A week on Long Island

By March 6, 2011Bahamas, Caribbean, Cruising

Last week I left you knowing Eric, Marilyn, and I sailed to Long Island.  It turned out to be my favorite island so far, because of all the sights.  On Sunday we were at the second most northern cove on the west side, called Calabash Bay.  It was your picture perfect bay with reefs guarding the entrance, clear water, protection from the waves, half moon shaped beach, and a nice little resort.  The best part is that we had it to ourselves.  I think I will come back to this cove on my way to Cat Island in a month or so. After breakfast we took the dinghy around to the north point and visited the Columbus Monument and explored a tidal creek area.  The monument had a great view and the creek was beautifully pristine (I don’t think many people go there due to the entrance not being well protected).  In the late afternoon we sailed the boat south to the Stella Maris anchorage (it was a bit bouncy due to the wind being from the east southeast instead of the east like I expected).  We got up on Tuesday and took my three bikes to shore and rode around for 10 miles.  We got strawberry ice cream cones in Burnt Ground (that is the town name) for a dollar (the only thing better than ice cream is cheap ice cream).  We also visited the Adderly Plantation ruins, which were the best plantation ruins I’ve seen so far in the Bahamas and they had a great view.  The last place we visited was the Stella Maris community (this is a planned ex patriot retirement community) so I could get internet.  While there we found a cave that had tables set up for parties, tree roots growing down from the ceiling, and lots of bats.  Around 3PM we picked up the anchor and motored south right into 20 knot winds, but it was worth it to get to Whale Head Bay for more protection from the wind.  The bay turned out to be another beautiful one and Eric and Marilyn took the kayak for a spin the next morning.  Then we sailed andcmotored to the community of Salt Pond and anchored in Thompson Bay.  We spent the day biking around the town and walked the Atlantic side beach.

On Wednesday we rented a car to see the south part of the island and it was worth every bit of the $65.  We started our tour at the Spanish church built in the 1700’s.  The roof was a skeleton, but the walls were in pretty good shape and it even had a confessional built into the floor plan.  It was a great site to start the day off.  Our next stop was the Long Island Museum, which was a nice historical view of the island.  We did find a gem in Sheena, a museum employee.  She was telling me all these places to visit and I finally asked if she would jot it down, because I was getting over whelmed with information.  She ended up writing three pages with directions to ten different places for us.  The next place I had on my list was Dean’s Blue Hole, which is the deepest hole in the world (over 600 feet).  While we were swimming and diving in it we watched the world champion for depth without fins (101 meters/330 feet) practice.  He could hold his breath for over four minutes.  The next stop was Bonacorde Pools and it was the first Sheena mentioned that I did not know about.  This is two very small bays on the Atlantic side of the island surrounded by rock walls making them protected even in the worst of storms.  It is the place you want to take kids to swim in the ocean.  The last item on my list was Clarence Town with it beautiful bay and two churches built by Father Jerome at the beginning of the 1900s.  He first built the red and white Anglican Church and then switched denominations and came back and built the blue and white Catholic Church.  This one you can climb the very narrow ladders to the top of the spires and get a great view of the town.  We visited a Diamond Crystal salt manufacturing site, which appears to have been abandoned after a hurricane.  We found a machine shop, housing, salt pans, a tug boat, and other various pieces of equipment.  I found it to be quite fascinating.  We also visited the caves near Miley (which had an eerie beauty), the ruins at Dunmore (the only dud on Sheena’s list since we could not get near them), and Gordon’s beach at the very south end of the island (they had a stop sign where the road ended…it looked funny).  The only thing we did not get to see on the island is Hamilton’s Cave, because the owner was off fishing for the day.  I want to come back to see it when I head north from Acklins in several weeks.  After all the sightseeing Eric and Marilyn took me out to dinner at Club Washington (thank you guys) and then we returned the car around 8PM.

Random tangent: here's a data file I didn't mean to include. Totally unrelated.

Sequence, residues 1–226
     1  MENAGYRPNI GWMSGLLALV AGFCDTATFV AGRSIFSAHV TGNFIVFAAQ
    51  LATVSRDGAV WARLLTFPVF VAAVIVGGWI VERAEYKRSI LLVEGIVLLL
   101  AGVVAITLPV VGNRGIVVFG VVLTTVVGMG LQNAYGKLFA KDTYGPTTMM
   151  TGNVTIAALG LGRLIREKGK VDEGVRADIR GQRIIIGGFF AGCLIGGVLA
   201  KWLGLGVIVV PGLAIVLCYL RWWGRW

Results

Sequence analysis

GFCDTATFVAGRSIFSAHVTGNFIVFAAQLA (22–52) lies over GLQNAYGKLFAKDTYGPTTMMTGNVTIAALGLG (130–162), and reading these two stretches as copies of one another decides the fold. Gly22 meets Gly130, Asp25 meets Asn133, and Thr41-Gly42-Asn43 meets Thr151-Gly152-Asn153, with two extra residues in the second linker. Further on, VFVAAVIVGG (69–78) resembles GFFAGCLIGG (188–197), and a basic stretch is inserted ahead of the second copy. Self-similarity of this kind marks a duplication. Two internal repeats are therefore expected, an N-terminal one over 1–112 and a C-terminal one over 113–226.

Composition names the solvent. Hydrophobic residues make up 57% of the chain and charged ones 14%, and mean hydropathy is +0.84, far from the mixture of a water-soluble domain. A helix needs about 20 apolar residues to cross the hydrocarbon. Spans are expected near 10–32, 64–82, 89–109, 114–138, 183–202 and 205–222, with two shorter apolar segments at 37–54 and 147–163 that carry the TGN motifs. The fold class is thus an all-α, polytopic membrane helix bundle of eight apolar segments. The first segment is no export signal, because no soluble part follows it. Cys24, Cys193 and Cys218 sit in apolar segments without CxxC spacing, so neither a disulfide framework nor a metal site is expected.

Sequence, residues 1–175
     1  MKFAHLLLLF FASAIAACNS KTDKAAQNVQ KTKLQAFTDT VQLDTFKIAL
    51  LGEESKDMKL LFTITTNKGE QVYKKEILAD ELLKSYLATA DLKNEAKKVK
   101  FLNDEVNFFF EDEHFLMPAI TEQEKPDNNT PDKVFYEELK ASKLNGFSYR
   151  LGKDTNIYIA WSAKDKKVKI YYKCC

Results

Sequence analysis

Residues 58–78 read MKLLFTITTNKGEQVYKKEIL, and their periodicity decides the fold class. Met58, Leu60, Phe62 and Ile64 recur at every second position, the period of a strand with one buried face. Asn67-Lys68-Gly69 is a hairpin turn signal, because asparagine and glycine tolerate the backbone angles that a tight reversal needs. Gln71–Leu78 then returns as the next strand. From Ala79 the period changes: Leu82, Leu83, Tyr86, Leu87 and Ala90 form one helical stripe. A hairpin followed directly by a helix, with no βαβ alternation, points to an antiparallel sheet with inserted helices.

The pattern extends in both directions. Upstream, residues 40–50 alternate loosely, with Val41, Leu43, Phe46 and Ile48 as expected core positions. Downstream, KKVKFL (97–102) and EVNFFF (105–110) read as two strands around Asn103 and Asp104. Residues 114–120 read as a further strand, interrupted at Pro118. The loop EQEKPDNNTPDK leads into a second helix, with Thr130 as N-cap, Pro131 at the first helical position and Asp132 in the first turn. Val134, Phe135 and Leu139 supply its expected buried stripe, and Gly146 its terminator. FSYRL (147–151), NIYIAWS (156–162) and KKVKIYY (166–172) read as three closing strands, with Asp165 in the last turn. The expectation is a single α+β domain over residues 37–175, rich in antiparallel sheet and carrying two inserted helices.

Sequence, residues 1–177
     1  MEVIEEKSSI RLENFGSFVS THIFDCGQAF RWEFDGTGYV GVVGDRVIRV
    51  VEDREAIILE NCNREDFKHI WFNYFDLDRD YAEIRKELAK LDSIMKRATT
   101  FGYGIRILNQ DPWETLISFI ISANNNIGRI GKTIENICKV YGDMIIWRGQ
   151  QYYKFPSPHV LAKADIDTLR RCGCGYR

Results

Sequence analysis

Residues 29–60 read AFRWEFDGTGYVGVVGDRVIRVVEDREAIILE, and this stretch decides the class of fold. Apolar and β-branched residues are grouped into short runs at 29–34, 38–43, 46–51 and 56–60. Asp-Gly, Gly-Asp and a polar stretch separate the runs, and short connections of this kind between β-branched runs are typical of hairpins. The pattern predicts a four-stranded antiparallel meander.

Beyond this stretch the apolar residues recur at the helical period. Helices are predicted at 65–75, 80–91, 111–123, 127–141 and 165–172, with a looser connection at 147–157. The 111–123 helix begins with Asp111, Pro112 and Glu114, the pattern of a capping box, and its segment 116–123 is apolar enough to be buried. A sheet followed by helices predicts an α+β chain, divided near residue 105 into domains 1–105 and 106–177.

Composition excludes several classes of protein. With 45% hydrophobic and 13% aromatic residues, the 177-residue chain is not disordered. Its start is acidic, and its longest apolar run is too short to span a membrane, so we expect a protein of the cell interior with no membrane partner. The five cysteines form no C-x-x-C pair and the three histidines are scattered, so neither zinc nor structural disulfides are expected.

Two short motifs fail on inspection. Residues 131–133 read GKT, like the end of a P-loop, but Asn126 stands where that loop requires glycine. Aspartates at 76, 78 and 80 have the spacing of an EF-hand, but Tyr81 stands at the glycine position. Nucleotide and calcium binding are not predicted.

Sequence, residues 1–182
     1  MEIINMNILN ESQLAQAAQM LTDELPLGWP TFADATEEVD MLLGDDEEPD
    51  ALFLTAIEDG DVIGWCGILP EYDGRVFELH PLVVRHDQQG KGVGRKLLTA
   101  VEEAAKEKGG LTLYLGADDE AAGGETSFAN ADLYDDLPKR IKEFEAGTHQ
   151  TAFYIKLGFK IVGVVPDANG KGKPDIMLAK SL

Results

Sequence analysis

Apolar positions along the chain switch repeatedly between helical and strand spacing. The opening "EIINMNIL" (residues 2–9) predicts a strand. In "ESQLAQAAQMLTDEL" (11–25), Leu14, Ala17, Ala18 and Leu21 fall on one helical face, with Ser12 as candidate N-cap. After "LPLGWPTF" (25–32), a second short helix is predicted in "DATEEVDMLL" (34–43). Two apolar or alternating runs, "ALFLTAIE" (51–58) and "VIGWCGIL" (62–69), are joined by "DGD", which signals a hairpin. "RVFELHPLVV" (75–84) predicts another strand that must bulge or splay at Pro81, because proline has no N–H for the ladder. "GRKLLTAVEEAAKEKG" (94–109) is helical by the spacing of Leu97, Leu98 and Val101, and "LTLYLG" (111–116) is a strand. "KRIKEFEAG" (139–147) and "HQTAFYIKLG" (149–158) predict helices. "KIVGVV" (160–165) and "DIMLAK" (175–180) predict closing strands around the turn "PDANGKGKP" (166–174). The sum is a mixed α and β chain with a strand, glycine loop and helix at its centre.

On Thursday a three day storm started up so we left at 7AM to sail the 38 miles back to George Town.  We had the sails up (with a reef in the main) right after the anchor and started with 15-20 knots and 2-4 foot seas, but by the last 10 miles of open water we were up to 20-25 knots and 7-8 foot seas.  It was quite spirited to say the least.  We were back in Elizabeth Harbor and had the anchor down by noon (we averaged over 7.5 knots).  The next day and a half I said hello and hung out with the Texas Navy and others.

Since the Cruising Regatta is in full swing this week and next, I was talked into signing up for the Elizabeth Harbor race.  This was an 8.57 miles race inside the harbor.  I had Eric, Marilyn, Steve (Anchor Management), and Robert (Following Tides) crewing for me and we did very well due to each of them.  Because the results will be adjusted based on the rating of each boat, we will not know the results until the awards ceremony next Friday, but I think first place is between us and Sea Yawl Later with less than a three second separation.